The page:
After a decade of controversy, bull sculpture is now in place

Story by Noelle Finegan

Wednesday, 30th March, 2011 5:00pm

After a decade of controversy, bull sculpture is now in place

Navan Town Clerk Shane Donnelly and sculptor Colin Grehan from Galway in front of the bull sculpture which arrived on Tuesday morning.

Some 10 years after it was first mooted, and after years of controversy, the infamous bull sculpture was finally hoisted onto its plinth at Navan's Market Square yesterday (Tuesday).

The 16-tonne limestone sculpture which depicts two men struggling to restrain a bull was created by Galway sculptor Colin Grehan and is the focal point of the town council's recently completed Market Square and Watergate Street scheme.

Huge controversy has surrounded the bull sculpture since it was first commissioned, with some 4,500 people signing a petition several years ago objecting to the sculpture being erected at Market Square.

Although the piece was completed eight years ago, it spent the past seven years in storage before it was finally delivered to the town.

The limestone artwork was due to be erected last December but various delays meant it was this week before the bull finally took its place in the centre of a revamped Market Square.

Part of the street was closed for a number of hours yesterday morning as curious onlookers gathered to witness the sculpture being lifted into place by crane, keen to get a look at the sculpture that "all the fuss was about".

Late yesterday a hoarding was erected around the sculpture in advance of an official unveiling later this month.

Paddy Pryle, who led the 'Navan Against the Bull' campaign that secured some 4,500 signatures in a petition demanding the reversal of the decision to locate it at Market Square, said it was an impressive piece of artwork but stood by his view that it was the wrong location.

"While it is a fine bit of art, anybody coming up Timmons Hill, which is one of the main entrances into the town, will be entering Navan via the bull's arse. It is one of the most crazy things I have seen put up yet," he said.

Mr Pryle said the artist had already undertaken a similar sculpture on the Nenagh bypass and felt that a lot of money had been spent on a "copy".

He said: "We are proud Navan people and believe we should have something unique. It is quite an impressive piece but it is not an original idea," he said.

Mr Pryle has also raised safety concerns about the sculpture and said that people are going to climb on top of it and it that it would "keep the casualty (unit) at Navan Hospital open".

He said already one of the paving stones had been removed and that was before the bull had been put on the plinth.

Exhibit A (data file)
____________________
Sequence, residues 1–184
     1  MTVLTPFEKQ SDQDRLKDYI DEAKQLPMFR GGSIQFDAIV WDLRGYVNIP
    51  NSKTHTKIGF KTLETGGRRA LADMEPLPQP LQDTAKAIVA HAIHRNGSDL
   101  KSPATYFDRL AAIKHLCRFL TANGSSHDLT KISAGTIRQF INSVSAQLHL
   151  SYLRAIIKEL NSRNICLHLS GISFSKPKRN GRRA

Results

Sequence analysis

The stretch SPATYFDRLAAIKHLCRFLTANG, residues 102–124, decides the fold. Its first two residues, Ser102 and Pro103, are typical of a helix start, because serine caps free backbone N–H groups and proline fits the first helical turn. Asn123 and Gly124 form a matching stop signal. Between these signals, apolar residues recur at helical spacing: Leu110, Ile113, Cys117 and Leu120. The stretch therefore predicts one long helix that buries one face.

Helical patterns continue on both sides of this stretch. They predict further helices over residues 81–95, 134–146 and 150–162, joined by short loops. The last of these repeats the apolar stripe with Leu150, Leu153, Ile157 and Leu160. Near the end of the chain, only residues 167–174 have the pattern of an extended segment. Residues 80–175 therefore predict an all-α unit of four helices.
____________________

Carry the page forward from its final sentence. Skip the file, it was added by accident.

"It is a dreadful entrance to the town . Half of east Meath come into Navan up Timmons Hill, It is a dreadful impression to give people," he said.

However, one of the bull's biggest proponents, Cllr Shane Cassells, has welcomed the arrival of the work and said it was "striking feature" on the town's landscape. He said it had been a long battle to get it through the vote and he was delighted that it was finally in place.

He said: "I am delighted that, after such a long time, it is finally in place. It is a striking feature in the historical heart of the town and I am confident it is going to become a popular meeting place for the people of the town."

Cllr Cassells paid tribute to sculptor Colin Grehan for his work. He said there was a "real positive sense" around the arrival of such a significant piece of artwork in the middle of the town. He said that what was just a derelict road was now a fully renovated meeting area.

Cllr Cassells also pointed out that the sculpture was paid for eight years ago through the Per Cent Art Scheme and that the funding had come from government and not from ratepayers.

The sculpture has been placed on an elevated plinth also designed by Grehan that is surrounded by special paving in a Celtic design.

The scheme also includes grass planting, trees, seating and specially designed surface lighting. Four bronze plaques depicting various sides of the origianl high cross of Navan are also being erected at Market Square.

Some 18 submissions were received by the then UDC for the artwork when the scheme was advertised and these were shortlisted to five, with Grehan's piece winning out.

From Gort in County Galway, the artist is best known for his piece - 'Architects of the Land' - on the N7 outside Nenagh which depicts a bull on one side of the road pulling away from a workman located on the other side.

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